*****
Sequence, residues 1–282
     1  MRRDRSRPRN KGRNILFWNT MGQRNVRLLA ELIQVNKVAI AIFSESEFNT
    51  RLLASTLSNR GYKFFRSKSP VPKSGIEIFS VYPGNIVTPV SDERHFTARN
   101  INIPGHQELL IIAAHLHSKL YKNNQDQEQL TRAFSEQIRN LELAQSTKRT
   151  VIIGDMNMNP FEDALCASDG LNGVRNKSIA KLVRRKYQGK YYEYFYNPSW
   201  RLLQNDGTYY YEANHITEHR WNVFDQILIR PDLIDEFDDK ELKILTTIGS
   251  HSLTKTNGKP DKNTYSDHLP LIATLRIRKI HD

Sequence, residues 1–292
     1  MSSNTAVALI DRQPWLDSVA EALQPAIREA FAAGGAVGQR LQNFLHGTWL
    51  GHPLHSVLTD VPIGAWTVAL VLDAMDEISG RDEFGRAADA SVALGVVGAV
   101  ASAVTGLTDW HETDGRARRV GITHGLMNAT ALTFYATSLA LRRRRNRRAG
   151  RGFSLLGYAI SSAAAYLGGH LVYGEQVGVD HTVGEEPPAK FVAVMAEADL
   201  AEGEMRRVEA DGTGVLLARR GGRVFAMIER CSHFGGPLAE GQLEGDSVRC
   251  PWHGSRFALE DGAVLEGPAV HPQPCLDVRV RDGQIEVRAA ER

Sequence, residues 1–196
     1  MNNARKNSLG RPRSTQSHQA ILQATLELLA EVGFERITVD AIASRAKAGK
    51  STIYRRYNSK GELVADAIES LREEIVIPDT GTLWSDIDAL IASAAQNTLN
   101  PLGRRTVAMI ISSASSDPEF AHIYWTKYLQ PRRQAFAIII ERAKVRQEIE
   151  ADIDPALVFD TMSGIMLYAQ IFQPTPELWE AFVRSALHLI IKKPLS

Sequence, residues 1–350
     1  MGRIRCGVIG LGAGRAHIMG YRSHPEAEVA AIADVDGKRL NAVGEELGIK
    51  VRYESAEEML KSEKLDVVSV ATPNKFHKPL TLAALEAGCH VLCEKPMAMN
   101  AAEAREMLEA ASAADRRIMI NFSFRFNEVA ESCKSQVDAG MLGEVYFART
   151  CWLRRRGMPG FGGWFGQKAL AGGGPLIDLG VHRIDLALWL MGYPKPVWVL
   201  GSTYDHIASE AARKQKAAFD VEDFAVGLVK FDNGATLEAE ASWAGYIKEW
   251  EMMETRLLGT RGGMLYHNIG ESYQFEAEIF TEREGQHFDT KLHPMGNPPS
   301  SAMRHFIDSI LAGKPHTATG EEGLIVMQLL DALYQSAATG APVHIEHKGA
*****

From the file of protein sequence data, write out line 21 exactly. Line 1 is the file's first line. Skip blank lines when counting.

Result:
     1  MGRIRCGVIG LGAGRAHIMG YRSHPEAEVA AIADVDGKRL NAVGEELGIK